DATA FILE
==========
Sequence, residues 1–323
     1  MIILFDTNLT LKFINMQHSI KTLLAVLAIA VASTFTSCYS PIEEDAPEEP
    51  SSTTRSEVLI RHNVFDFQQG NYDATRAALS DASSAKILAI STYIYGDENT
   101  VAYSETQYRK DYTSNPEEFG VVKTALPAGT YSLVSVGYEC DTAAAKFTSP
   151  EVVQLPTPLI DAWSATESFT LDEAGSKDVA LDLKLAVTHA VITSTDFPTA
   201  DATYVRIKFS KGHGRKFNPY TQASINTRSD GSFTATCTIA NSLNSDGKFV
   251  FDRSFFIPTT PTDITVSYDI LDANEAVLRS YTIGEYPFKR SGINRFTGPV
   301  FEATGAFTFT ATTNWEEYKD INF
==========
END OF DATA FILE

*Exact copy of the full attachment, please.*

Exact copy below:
Sequence, residues 1–323
     1  MIILFDTNLT LKFINMQHSI KTLLAVLAIA VASTFTSCYS PIEEDAPEEP
    51  SSTTRSEVLI RHNVFDFQQG NYDATRAALS DASSAKILAI STYIYGDENT
   101  VAYSETQYRK DYTSNPEEFG VVKTALPAGT YSLVSVGYEC DTAAAKFTSP
   151  EVVQLPTPLI DAWSATESFT LDEAGSKDVA LDLKLAVTHA VITSTDFPTA
   201  DATYVRIKFS KGHGRKFNPY TQASINTRSD GSFTATCTIA NSLNSDGKFV
   251  FDRSFFIPTT PTDITVSYDI LDANEAVLRS YTIGEYPFKR SGINRFTGPV
   301  FEATGAFTFT ATTNWEEYKD INF